This post is based on a paper: “What is adaptive about adaptive decision making? A parallel constraint satisfaction account,” that was written by Andreas Glöckner, Benjamin E. Hilbig, and Marc Jekel and appeared in Cognition 133 (2014) 641–666. The paper is quite similar to that discussed in the post Swiss Army Knife or Adaptive Tool Box. However, it reflects an updated model that they call the PCS-DM model (parallel constraint satisfaction-decision making). From what I can tell this model attempts to address past weaknesses by describing the network structure more fully and does this at least partially by setting up a one-free parameter implementation which can accommodate individual differences and differences between tasks.
An interesting example of the hierarchical predictive coding model is binocular rivalry. Binocular rivalry is a form of visual experience that occurs when, using a special experimental set-up, each eye is presented (simultaneously) with a different visual stimulus. Thus, the right eye might be presented with an image of a house, while the left receives an image of a face. Under these albeit artificial conditions, subjective experience unfolds in a surprising, “bi-stable” manner. Instead of visually experiencing a confusing all-points merger of house and face information, subjects report a kind of perceptual alternation between seeing the house and seeing the face.
This is the second of three posts about the brain having a singular purpose of prediction error minimization. PEM literature has many contributors. Karl Friston is probably the strongest idea man, but Andy Clark and Jakob Hohwy are more understandable. Hohwy’s papers include: Hohwy, J. (2015). “The Neural Organ Explains the Mind”. In T. Metzinger & J. M. Windt (Eds). Open MIND: 19(T). Frankfurt am Main: MIND Group. Hohwy, J., Roepstorff, A., & Friston, K.(2008). “Predictive coding explains binocular rivalry: an epistemological review.” Cognition 108, 687-701. Hohwy, J. (2012). “Attention and conscious perception in the hypothesis testing brain.” Frontiers in Psychology/Consciousness Research, April 2012, Volume 3, Article 96. Paton, B., Skewes, J., Firth, C., & Hohwy, J(2013). “Skull-bound perception and precision optimization through culture.” Commentary in Behavioral and Brain Sciences (2013) 36:3, p 42.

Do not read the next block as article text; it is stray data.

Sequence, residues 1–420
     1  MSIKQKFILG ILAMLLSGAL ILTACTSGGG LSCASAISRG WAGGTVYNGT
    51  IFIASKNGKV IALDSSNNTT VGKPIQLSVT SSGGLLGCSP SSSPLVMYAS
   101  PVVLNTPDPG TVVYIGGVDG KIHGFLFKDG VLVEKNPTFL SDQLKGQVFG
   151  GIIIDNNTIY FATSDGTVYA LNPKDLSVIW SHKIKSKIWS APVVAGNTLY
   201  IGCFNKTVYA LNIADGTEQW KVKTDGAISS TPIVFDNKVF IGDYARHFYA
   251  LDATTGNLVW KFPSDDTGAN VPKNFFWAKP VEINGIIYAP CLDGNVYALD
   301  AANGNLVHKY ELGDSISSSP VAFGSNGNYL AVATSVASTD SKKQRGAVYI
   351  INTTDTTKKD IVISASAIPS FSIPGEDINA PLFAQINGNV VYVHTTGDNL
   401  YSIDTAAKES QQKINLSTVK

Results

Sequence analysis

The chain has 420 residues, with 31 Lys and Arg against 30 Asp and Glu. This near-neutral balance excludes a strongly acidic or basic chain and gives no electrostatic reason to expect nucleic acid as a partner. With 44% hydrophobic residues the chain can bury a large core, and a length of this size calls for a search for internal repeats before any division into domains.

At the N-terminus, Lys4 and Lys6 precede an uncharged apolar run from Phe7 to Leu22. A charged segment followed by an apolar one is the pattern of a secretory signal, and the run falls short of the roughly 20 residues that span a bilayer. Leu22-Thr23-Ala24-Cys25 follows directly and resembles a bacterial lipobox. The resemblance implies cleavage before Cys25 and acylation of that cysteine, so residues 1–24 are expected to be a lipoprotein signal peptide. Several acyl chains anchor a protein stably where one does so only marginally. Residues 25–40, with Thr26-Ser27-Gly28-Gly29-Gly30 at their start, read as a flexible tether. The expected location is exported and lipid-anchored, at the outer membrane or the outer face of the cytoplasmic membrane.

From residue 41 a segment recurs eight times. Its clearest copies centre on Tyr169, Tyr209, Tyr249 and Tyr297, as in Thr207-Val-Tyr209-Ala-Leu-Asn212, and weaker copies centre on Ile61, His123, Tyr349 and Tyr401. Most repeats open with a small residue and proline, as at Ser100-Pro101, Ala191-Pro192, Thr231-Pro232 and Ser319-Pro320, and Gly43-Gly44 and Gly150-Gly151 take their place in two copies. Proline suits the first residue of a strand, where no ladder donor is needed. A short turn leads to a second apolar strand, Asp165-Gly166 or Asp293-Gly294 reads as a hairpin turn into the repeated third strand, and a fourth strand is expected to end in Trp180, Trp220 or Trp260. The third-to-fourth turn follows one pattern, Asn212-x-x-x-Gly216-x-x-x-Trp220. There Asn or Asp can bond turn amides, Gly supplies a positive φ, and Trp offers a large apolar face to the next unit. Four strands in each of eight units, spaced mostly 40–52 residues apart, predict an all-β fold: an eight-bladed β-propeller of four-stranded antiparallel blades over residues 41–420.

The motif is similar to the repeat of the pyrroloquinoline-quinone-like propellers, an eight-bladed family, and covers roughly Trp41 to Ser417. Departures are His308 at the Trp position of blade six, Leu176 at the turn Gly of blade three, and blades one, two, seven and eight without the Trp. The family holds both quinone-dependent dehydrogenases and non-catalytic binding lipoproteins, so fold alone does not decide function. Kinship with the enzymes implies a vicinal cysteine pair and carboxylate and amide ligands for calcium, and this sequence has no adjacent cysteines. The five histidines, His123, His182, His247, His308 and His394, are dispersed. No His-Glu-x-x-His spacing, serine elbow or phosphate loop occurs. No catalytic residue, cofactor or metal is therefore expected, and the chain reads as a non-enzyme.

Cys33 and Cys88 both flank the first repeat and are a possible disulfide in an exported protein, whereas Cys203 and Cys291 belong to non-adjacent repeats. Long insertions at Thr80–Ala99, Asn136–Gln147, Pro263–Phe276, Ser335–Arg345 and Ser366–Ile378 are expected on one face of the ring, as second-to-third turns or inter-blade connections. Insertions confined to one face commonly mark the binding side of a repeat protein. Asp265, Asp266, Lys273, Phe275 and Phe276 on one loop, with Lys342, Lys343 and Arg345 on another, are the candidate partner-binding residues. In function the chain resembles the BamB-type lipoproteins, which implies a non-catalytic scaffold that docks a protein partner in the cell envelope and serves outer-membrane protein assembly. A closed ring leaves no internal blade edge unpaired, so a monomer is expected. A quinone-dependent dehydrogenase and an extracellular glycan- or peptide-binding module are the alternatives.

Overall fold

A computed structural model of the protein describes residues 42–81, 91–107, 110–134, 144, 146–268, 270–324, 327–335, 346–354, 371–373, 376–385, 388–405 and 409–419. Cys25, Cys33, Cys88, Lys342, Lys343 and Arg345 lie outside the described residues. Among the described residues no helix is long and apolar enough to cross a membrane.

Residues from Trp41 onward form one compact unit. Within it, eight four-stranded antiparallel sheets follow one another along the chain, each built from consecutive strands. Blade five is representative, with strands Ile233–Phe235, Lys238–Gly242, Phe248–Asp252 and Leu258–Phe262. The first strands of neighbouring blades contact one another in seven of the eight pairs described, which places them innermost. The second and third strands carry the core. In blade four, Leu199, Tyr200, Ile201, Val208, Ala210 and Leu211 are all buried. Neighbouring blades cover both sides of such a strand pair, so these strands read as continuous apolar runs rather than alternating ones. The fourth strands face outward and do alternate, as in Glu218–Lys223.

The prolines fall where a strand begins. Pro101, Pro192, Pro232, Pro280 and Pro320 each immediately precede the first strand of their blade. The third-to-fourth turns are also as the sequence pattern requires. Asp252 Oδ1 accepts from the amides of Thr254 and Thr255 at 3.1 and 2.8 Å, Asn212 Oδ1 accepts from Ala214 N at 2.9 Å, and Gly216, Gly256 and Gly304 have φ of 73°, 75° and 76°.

Both Clark and Hohwy use “explaining away” to illustrate the concept of cancelling out sensory prediction error. Perception thus involves “explaining away” the driving (incoming) sensory signal by matching it with a cascade of predictions pitched at a variety of spatial and temporal scales. These predictions reflect what the system already knows about the world (including the
body) and the uncertainties associated with its own processing. What we perceive depends heavily upon the set of priors that the brain brings to bear in its best attempt to predict the current sensory signal.
This post is derived from the paper, “Whatever next? Predictive brains, situated agents, and the future of cognitive science,” Behavioral and Brain Sciences (2013) 36:3, written by Andy Clark. I stumbled upon this paper and its commentary several weeks ago and have tried to figure out what to do with it. That has led me to other papers. In the next three posts, I will try to give the high points of this idea of PEM, prediction error minimization. It provides an overall background that is compatible with Parallel Constraint Satisfaction.
Clark suggests that the brain’s jobs are minimizing prediction error, selective sampling of sensory data, optimizing expected precisions, and minimizing complexity of internal models. To accomplish these tasks, the brain has evolved into a bundle of cells that support perception and action by attempting to match incoming sensory inputs with top-down expectations–predictions. This is done by using a hierarchical model that minimizes prediction error within a bidirectional cascade of cortical processing. This model maps on to perception, action, attention, and model selection, respectively (and dare I say judgment and decision making).
This post is derived from “Chapter 5, Multiple Measure Strategy Classification-Outcomes, Decision Times, and Confidence Ratings” authored by Andreas Glockner from Foundations for Tracing Intuition– Challenges and Methods, edited by Andreas Glockner and Cilia Witteman 2010 Psychology Press NY. It shines a little light on how intuition experiments seeking to answer if a person is using a Take the Best strategy or a Parallel Constraint Satisfaction strategy, etc are actually done. It is written more understandably than a typical paper for a journal. It will hopefully give more meaning to the letters MM-ML.